6. ESPN dropped the ball again. It chose not to broadcast men’s, women’s or mixed doubles finals, becoming more and more apparent that it does not understand tennis, its followers, or the speed with which people use alternate outlets to watch live sports. The conventional and corporate excuse (‘nobody watches doubles’) is a flimsy argument on which to lean. People flooded Centre Court for all three finals — especially as Jamie Murray, Andy’s older brother, and partner John Peers battled for Wimbledon men’s doubles crown.
Activism from writers and, perhaps, from the ATP and WTA, could nudge “The Worldwide Leader in Sports” off its advertiser-driven decision making. But the truth is ESPN should be a leader to its advertisers, teaching them the merits of buying time during live doubles. I’m sure it could put together a few tantalizing statistics that would shift media buyers minds.
7. Petra Kvitova mangled momentum and failed to defend her title. Up a set and a break to Jelena Jankovic in the third round, Kvitova collapsed. “Suddenly from my side, I didn’t have answer,” Kvitova told the press. “My serve didn’t help me at all this time. I was really struggling with each shot I played.”
The meltdown added to a recurring theme of her career storyline. She is unpredictable, no matter how strongly she can perform. Kvitova thumped Kiki Bertens, 6-1 6-0, in 35 minutes to start her campaign. The No.2 seed then cleaned Kurumi Nara’s clock in less than an hour. Perhaps time has come for Kvitova to think about a coach change? She has been with David Kotyza since 2008.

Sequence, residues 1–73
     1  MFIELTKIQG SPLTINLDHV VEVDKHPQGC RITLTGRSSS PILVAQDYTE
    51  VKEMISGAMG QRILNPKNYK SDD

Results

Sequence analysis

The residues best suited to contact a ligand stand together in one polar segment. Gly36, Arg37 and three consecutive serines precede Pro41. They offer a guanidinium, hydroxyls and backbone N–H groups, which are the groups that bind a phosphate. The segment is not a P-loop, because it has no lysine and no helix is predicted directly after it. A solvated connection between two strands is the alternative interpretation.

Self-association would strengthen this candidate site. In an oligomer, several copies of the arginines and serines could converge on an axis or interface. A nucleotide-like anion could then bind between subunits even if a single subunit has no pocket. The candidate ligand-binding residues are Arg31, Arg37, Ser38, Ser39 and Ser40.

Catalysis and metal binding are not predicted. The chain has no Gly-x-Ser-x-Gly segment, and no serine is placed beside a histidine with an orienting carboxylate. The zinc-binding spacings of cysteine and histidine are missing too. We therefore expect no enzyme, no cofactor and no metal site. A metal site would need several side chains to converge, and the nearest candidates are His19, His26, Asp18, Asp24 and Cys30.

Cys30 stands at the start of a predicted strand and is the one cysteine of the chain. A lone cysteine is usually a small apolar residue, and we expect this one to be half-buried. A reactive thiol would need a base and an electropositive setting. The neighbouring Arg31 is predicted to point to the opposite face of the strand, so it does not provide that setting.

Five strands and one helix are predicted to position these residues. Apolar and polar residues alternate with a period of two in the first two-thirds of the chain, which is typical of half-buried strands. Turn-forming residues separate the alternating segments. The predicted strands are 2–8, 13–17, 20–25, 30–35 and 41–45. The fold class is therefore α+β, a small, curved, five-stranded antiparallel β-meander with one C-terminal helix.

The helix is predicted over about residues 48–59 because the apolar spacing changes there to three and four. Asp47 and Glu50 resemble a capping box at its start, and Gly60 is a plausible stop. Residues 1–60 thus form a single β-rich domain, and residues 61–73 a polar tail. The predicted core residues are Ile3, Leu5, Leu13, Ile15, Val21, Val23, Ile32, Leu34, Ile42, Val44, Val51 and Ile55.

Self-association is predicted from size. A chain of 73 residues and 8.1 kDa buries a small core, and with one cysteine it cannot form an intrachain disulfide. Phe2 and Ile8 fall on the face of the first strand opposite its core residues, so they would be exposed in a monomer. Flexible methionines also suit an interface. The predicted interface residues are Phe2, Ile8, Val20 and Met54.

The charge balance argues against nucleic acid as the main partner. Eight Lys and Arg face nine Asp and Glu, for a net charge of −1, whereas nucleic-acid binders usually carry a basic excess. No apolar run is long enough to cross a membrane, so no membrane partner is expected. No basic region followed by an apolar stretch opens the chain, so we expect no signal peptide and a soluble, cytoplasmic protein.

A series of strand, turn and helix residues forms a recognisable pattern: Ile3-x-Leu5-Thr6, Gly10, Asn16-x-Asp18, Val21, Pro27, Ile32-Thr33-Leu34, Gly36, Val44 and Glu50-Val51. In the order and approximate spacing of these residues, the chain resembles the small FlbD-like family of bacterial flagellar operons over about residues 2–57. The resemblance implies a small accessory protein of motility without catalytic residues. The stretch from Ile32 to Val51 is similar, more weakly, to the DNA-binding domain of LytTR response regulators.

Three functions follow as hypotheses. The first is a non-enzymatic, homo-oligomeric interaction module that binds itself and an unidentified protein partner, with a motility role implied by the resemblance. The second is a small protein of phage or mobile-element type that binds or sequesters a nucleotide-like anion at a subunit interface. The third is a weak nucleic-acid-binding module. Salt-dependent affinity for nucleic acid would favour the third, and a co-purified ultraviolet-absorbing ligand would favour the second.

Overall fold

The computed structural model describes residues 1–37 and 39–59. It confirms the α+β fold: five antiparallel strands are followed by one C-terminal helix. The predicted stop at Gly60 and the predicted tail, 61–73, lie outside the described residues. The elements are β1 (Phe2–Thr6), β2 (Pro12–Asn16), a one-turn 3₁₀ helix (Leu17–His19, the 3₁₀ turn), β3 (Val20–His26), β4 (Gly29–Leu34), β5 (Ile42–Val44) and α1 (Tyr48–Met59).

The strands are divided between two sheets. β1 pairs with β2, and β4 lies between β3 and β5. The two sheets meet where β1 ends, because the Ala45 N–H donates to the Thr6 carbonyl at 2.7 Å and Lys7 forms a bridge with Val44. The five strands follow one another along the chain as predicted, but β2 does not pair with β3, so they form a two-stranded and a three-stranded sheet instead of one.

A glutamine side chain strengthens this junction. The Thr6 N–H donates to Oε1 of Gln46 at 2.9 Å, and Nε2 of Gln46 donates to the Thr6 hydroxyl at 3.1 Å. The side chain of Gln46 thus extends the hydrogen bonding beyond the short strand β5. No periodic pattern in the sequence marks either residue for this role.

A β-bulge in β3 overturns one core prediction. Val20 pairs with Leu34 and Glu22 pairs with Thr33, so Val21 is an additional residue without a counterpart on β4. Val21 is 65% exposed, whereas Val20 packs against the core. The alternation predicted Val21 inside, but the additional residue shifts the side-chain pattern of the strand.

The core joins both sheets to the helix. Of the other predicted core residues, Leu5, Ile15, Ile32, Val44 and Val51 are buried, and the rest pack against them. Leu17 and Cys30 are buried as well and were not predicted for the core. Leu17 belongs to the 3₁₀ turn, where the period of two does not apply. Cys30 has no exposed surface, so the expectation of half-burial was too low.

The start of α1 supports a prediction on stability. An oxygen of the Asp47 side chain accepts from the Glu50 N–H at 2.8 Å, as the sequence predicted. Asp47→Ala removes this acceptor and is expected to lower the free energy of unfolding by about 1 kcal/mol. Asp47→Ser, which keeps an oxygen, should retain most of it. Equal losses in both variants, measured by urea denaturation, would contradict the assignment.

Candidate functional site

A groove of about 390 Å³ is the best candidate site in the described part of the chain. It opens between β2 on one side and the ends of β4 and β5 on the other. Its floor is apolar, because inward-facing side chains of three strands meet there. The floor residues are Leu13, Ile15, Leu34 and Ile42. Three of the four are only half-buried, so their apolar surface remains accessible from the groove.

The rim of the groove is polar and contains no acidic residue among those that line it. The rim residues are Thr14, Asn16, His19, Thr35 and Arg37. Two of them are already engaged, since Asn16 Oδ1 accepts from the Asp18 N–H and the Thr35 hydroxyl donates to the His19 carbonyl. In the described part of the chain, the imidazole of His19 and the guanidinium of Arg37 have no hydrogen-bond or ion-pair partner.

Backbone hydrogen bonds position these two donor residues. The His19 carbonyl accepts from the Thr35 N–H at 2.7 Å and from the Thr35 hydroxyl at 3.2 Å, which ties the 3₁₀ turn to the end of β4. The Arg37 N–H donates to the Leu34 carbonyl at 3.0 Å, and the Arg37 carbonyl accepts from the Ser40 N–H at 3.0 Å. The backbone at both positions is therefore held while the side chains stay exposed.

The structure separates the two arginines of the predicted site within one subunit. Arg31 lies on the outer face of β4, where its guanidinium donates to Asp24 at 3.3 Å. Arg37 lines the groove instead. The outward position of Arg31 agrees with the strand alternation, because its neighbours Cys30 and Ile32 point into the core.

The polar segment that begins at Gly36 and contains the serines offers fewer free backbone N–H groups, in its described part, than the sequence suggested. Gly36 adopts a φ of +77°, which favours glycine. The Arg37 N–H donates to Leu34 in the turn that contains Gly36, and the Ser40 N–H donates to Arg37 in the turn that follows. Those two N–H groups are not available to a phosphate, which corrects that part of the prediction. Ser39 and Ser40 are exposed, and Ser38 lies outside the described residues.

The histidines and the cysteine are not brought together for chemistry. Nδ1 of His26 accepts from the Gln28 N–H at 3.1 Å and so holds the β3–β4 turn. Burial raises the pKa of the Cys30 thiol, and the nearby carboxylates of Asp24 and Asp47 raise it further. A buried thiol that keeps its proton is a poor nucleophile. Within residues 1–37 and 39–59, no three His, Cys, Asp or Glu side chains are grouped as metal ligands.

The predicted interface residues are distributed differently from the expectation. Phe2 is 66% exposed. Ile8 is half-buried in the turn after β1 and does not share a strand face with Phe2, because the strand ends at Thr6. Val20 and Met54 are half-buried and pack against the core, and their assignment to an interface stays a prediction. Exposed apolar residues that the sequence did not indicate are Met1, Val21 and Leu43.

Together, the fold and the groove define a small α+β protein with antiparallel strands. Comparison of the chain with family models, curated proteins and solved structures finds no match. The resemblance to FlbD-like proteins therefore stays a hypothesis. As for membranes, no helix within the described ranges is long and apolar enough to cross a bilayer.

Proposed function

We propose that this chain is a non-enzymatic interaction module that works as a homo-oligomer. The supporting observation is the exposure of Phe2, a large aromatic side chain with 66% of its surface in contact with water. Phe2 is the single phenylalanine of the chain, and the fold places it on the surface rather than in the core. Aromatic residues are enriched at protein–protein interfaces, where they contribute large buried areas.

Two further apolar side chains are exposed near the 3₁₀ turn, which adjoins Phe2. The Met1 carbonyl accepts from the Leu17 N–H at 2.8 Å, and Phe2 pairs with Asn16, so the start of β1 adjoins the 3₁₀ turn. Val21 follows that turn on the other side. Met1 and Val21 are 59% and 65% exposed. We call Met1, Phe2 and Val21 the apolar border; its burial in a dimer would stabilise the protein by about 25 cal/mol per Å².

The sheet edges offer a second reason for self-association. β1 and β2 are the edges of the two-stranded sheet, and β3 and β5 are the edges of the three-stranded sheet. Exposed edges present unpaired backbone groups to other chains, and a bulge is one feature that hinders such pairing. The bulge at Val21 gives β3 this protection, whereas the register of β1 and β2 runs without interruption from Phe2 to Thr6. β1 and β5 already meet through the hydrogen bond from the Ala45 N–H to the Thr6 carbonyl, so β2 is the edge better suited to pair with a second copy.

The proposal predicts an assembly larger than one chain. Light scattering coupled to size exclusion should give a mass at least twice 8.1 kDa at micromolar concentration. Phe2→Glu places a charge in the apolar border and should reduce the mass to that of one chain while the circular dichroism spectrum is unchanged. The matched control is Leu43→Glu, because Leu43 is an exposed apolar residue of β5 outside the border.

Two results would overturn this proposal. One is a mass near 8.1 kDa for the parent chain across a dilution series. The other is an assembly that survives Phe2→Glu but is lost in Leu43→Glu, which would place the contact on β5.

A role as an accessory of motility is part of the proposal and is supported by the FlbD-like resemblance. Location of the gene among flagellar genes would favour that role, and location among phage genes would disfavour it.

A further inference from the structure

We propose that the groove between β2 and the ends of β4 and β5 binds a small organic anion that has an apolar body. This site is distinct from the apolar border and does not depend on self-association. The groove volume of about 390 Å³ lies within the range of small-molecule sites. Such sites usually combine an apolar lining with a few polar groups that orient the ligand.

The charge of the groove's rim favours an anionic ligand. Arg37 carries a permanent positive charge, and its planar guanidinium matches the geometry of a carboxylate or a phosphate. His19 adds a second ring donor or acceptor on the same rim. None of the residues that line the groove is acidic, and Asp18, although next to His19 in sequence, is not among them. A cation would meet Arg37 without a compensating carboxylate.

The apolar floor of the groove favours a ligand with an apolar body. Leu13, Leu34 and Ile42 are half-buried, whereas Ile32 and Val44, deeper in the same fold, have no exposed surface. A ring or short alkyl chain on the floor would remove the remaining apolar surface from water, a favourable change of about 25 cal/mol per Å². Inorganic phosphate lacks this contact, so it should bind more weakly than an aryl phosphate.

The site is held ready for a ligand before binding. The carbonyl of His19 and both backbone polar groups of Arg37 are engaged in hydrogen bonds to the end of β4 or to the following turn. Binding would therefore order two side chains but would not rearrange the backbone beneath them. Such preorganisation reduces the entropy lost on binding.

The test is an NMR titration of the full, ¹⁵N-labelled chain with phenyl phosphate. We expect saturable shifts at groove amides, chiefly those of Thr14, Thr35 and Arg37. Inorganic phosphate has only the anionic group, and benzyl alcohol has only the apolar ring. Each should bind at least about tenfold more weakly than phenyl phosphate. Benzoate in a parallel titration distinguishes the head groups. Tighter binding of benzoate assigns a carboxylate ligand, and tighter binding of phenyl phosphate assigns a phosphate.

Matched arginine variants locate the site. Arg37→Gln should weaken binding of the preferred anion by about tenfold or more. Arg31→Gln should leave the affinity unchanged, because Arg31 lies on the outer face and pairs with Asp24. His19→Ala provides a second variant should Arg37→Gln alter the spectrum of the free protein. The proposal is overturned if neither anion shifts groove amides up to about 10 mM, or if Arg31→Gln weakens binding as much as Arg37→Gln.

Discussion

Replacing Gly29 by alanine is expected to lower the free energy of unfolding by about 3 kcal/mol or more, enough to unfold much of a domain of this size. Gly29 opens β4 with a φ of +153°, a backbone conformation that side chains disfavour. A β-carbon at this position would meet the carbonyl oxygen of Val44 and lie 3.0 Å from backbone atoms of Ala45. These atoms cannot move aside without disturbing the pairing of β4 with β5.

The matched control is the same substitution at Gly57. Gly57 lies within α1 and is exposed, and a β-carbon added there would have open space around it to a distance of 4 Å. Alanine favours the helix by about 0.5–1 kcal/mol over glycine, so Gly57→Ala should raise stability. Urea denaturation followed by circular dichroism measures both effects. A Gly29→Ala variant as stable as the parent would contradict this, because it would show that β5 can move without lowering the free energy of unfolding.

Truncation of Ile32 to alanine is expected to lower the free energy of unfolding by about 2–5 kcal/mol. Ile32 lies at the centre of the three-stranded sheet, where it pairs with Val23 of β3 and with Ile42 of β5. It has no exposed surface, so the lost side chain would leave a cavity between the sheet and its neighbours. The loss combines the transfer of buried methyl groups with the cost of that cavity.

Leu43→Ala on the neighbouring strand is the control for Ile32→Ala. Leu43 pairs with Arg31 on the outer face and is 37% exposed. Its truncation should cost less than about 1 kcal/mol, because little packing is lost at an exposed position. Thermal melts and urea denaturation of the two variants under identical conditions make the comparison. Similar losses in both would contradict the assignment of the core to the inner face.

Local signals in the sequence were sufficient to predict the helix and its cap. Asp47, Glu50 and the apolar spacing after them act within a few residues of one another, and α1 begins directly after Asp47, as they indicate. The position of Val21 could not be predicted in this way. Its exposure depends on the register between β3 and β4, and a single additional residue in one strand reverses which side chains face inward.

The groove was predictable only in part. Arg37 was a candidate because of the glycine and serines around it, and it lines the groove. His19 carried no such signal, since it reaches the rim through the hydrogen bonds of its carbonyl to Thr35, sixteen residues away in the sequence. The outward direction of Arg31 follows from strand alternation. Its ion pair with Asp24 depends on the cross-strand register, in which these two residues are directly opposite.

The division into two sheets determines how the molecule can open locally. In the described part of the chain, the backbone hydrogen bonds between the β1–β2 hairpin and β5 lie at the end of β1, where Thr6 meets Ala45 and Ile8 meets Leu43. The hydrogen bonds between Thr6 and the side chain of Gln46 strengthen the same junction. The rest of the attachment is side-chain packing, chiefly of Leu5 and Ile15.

8. Eugenie Bouchard’s slide continues. It’s no longer a matter of ‘sophomore slump,’ either. Without confidence, the Canadian cannot construct points, nor can she raise her once fearless fight, sliding to an 8-13 record for the year. She dumped Nick Saviano at the end of 2014, signing Sam Sumyk. In press after her first-round loss, she intimated that she was at least willing to consider an alternate coach. If she does, she might want to pick a person who can steer her away from the incessant perfectionism — an impossible ideal that plagues her mind and, thus, her game.
9. For the fourth consecutive year, Rafael Nadal failed to make the second week of Wimbledon. Dustin Brown upended the Spaniard with a dazzling four-set clinic using serve-and-volley tactics, thrilling fans all the way. Nadal did not, and could not, find any rhythm or workable strategy. Decisions were speedily erased by Brown’s normal game-playing choices. Brown approached the net 58 times, winning 49 of the points.
The 30-year-old German was ranked No. 102, prior to the tournament and had to qualify for the main draw. As has happened to all four of Nadal’s slayers, Brown lost in the next round — this time to Viktor Troicki. As much of a stir Brown made, he only equaled his best performance at Wimbledon by reaching the third round. All the same, his ranking jumped 22 spots to No. 80, this morning.
10. Finally, a note on Wimbledon.
Is it perfect? No.
Yet, the preeminent home of tennis — and the crown players want on their heads — does present a prim and proper staging. Trophy presentations go off within minutes of a final’s completion, produced in a snappy fashion that keeps excitement levels high, plus ticketed fans and home viewers in their seats.
With that said, the tournament should make a concerted effort to write policy that equally supports men and women when heat becomes an issue for them. The WTA and ATP should also clean up their guidelines, in this same area. Let’s work together people.
What are your takeaways from Wimbledon? Sound off in the comments!